Smugglers face neutron test

December 31, 2000

THE security cordon around the US could be tightened with an improved system for catching people trying to smuggle nuclear material. The detectors, which can ferret out fissile material such as uranium - even if it is sealed in a lead container, could be installed within the year.

The amount of nuclear material recorded as missing from licensed sites around the world suggests smuggling is rife, but inadequate equipment at national borders means seizures by customs are few and far between (New Scientist, 26 May 2001, p 10).

US borders are patrolled by officers wearing "pagers" that detect the high levels of gamma radiation emitted by nuclear material. Some sites also have drive-through radiation detectors for checking cargo containers. But if the material being smuggled is shielded with a dense metal like lead, neither of these systems will detect it.

To crack down on nuclear smuggling, scientists at the Idaho National Engineering and Environmental Laboratory (INEEL) in Idaho Falls and the Lawrence Livermore National Laboratory in Los Alamos, New Mexico, set about making a new detector with ARACOR, an imaging company based in Sunnyvale, California.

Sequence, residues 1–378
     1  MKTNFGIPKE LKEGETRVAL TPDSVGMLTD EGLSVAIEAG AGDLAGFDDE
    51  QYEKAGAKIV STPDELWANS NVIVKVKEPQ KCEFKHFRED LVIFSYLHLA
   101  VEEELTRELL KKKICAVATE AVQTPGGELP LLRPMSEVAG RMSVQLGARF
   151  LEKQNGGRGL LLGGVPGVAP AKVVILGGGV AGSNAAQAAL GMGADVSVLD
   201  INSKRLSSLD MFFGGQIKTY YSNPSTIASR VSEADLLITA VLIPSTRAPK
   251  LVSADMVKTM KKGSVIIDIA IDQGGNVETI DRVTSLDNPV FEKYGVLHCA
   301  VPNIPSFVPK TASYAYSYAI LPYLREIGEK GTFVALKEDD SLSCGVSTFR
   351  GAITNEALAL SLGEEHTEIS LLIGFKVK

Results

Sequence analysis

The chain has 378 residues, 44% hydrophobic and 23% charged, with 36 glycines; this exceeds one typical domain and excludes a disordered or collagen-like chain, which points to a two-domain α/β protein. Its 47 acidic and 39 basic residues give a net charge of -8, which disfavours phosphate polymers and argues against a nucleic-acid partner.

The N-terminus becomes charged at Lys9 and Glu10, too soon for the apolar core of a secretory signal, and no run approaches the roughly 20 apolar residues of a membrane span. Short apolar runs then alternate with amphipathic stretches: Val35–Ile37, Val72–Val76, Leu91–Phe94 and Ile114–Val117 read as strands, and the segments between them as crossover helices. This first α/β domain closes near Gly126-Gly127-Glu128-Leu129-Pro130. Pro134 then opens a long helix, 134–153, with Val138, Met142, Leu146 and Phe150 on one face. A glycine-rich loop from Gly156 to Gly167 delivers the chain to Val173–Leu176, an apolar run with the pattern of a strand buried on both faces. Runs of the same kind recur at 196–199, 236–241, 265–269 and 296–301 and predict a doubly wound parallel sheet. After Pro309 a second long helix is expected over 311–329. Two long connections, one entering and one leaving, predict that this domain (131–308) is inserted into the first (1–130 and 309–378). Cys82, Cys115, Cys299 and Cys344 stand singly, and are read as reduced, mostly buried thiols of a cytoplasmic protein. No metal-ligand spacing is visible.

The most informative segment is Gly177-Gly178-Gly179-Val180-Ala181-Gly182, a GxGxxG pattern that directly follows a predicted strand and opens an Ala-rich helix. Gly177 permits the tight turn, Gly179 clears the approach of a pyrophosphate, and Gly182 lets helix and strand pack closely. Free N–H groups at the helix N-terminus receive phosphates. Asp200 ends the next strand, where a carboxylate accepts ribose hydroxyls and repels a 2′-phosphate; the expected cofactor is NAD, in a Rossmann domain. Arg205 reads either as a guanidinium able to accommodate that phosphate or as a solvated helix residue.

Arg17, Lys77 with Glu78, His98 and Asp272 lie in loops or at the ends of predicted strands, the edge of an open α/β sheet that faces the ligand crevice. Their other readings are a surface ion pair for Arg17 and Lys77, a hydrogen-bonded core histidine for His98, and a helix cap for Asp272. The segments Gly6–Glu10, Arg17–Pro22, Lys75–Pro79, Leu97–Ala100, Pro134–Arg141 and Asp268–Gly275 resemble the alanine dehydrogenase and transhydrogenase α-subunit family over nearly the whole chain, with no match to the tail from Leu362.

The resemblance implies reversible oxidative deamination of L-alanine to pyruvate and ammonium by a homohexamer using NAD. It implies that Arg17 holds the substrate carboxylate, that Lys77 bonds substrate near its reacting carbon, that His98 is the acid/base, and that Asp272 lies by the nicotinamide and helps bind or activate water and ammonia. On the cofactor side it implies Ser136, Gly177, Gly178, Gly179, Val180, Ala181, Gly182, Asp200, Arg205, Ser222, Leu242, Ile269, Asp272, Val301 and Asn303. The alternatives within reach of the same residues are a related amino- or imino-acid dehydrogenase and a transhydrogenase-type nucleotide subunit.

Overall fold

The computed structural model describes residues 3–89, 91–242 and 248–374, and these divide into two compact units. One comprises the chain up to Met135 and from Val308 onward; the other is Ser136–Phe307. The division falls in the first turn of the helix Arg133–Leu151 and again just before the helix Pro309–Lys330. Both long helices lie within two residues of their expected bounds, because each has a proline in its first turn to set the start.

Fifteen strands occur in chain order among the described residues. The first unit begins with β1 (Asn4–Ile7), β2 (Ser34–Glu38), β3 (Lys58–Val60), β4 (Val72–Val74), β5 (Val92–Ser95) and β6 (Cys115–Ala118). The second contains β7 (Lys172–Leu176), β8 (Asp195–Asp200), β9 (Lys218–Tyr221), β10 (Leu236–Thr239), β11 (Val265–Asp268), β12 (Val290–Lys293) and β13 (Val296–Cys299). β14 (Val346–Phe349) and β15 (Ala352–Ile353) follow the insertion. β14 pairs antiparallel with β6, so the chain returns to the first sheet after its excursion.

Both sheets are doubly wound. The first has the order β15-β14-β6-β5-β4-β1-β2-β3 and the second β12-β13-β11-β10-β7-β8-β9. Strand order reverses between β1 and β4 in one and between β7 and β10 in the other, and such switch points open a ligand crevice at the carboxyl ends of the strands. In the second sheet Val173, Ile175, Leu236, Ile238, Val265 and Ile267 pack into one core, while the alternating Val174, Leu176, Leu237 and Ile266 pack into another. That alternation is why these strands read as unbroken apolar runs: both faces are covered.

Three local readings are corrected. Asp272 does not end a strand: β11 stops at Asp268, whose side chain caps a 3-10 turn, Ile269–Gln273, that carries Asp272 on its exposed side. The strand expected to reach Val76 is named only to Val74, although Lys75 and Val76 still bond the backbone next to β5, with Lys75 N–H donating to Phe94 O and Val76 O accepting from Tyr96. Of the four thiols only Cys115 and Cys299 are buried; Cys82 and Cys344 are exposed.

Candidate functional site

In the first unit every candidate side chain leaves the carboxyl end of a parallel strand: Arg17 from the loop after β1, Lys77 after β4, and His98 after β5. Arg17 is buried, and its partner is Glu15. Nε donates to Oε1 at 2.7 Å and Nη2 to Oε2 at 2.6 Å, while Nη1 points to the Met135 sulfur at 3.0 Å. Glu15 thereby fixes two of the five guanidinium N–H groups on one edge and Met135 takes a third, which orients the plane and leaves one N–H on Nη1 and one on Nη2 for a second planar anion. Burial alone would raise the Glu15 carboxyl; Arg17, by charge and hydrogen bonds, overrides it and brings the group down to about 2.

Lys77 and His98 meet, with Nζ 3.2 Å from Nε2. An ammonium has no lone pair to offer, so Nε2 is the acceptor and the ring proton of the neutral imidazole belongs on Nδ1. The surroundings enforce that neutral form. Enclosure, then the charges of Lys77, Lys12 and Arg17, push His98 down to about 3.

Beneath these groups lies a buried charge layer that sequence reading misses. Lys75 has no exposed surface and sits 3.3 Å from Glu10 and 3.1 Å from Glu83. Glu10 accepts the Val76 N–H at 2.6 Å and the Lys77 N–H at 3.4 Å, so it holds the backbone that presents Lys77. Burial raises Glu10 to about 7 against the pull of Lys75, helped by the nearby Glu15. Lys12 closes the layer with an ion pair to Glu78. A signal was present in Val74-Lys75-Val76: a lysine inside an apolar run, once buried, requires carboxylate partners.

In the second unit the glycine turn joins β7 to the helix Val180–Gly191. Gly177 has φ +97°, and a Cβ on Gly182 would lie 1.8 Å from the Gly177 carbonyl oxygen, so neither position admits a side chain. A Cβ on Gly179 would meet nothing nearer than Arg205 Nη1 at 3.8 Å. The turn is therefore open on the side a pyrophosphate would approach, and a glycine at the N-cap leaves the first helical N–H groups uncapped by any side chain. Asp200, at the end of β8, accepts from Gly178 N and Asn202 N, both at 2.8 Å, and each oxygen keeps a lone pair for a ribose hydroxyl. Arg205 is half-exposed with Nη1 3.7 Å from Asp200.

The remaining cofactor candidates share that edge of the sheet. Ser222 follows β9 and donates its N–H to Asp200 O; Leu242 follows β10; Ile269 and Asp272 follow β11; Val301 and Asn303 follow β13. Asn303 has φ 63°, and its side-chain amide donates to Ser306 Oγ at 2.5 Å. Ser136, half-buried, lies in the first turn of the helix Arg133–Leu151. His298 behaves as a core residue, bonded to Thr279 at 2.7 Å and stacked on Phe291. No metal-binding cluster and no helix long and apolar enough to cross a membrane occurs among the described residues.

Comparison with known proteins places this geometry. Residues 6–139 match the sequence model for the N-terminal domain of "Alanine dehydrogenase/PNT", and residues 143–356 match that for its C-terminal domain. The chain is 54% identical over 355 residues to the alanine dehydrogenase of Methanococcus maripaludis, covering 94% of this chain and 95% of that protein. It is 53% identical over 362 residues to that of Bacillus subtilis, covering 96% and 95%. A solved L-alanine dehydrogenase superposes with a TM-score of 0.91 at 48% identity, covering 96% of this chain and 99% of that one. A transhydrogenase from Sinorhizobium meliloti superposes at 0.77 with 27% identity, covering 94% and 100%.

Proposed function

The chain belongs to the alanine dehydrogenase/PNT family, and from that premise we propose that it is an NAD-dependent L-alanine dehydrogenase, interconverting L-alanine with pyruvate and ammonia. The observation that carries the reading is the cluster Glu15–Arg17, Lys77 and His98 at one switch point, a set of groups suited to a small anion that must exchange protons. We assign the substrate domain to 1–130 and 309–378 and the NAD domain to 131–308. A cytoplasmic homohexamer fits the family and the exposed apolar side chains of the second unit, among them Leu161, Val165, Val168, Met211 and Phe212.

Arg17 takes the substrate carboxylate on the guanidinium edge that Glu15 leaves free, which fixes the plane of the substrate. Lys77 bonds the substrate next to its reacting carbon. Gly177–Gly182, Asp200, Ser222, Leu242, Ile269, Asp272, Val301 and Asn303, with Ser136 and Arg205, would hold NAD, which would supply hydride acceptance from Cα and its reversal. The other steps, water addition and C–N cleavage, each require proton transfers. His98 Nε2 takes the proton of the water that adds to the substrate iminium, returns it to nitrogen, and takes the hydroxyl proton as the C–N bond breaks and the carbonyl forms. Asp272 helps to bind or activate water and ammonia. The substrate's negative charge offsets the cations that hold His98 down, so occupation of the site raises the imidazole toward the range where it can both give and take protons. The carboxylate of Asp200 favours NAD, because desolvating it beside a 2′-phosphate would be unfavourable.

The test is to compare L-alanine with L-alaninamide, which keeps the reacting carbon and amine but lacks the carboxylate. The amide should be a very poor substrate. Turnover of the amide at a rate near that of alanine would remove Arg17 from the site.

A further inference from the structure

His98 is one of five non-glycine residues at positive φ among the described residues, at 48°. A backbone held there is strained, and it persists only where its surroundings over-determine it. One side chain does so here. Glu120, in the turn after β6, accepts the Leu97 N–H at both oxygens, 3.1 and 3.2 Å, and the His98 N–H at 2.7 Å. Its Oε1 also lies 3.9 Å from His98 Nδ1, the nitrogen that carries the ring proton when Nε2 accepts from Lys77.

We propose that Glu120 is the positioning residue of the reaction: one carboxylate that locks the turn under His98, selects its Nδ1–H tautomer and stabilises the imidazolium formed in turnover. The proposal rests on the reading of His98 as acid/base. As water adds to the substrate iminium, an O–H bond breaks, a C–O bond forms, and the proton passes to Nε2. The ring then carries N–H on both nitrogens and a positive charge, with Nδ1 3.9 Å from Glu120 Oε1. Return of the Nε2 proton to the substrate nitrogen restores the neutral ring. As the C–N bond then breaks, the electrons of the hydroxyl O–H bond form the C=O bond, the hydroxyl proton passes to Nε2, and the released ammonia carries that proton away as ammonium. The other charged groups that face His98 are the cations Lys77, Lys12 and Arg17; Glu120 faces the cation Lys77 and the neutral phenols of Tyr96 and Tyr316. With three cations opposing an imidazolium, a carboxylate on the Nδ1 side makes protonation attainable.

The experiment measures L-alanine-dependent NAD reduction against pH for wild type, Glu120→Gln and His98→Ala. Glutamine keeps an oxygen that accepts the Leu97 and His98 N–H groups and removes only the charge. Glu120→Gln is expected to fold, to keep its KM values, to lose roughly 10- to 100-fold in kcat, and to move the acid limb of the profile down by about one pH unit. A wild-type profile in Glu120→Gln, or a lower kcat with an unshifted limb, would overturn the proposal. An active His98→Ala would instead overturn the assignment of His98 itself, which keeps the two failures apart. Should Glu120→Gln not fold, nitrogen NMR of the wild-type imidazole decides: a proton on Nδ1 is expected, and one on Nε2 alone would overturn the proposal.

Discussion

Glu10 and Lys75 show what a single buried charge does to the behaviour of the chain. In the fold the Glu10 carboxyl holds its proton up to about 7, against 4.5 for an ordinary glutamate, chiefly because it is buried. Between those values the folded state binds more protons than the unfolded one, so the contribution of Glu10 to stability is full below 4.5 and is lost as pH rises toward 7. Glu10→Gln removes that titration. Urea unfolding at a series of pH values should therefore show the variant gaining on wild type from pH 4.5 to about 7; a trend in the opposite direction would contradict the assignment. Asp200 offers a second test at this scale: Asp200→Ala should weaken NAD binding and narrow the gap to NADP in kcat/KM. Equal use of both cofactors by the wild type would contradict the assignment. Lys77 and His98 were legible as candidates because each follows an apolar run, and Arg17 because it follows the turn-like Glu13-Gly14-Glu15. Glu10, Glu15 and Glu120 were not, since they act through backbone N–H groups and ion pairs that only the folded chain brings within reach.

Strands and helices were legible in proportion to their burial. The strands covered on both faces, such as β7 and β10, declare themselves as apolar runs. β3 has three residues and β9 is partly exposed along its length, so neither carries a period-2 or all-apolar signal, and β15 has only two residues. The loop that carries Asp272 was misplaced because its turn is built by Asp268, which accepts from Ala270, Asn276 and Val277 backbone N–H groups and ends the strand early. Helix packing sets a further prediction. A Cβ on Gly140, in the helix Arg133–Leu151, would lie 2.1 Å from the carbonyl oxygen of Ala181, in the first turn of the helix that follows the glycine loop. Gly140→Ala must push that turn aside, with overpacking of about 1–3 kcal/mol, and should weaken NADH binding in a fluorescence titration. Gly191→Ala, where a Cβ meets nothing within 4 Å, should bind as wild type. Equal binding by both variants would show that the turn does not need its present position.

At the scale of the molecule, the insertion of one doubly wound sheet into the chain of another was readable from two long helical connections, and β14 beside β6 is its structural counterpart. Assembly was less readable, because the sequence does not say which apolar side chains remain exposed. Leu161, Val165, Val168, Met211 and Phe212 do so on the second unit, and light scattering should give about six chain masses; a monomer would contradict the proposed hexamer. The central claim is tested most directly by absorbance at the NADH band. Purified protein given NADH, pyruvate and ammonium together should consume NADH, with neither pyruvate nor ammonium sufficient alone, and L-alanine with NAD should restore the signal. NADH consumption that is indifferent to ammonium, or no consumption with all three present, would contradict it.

The system they developed produces high-energy X-rays that can penetrate cargo containers and common shielding materials. If the X-rays hit uranium or plutonium they induce fission reactions, splitting their nuclei into smaller fragments. In the process, neutrons are emitted that can pass through shielding materials and be picked up by a neutron detector outside.

A $3.5 million prototype system is being tested and is likely to go into widespread use within the year, says James Jones, the physicist in charge of the project at INEEL. "We're monitoring the effort," says John Penella, a nuclear expert at the US Customs Service. "If it proves technically feasible, we'll install it."

The system isn't foolproof though, warns Thomas Cochran of the Natural Resources Defense Council, a pressure group based in Washington DC. He says materials with a high hydrogen content, like some plastics, can effectively shield neutrons. Instead of pouring money into detecting nuclear material as it crosses national borders, more should be spent on securing research labs where nuclear material is being stolen, he says.
-end-
Nicola Jones l

New Scientist issue: 11 January 2003

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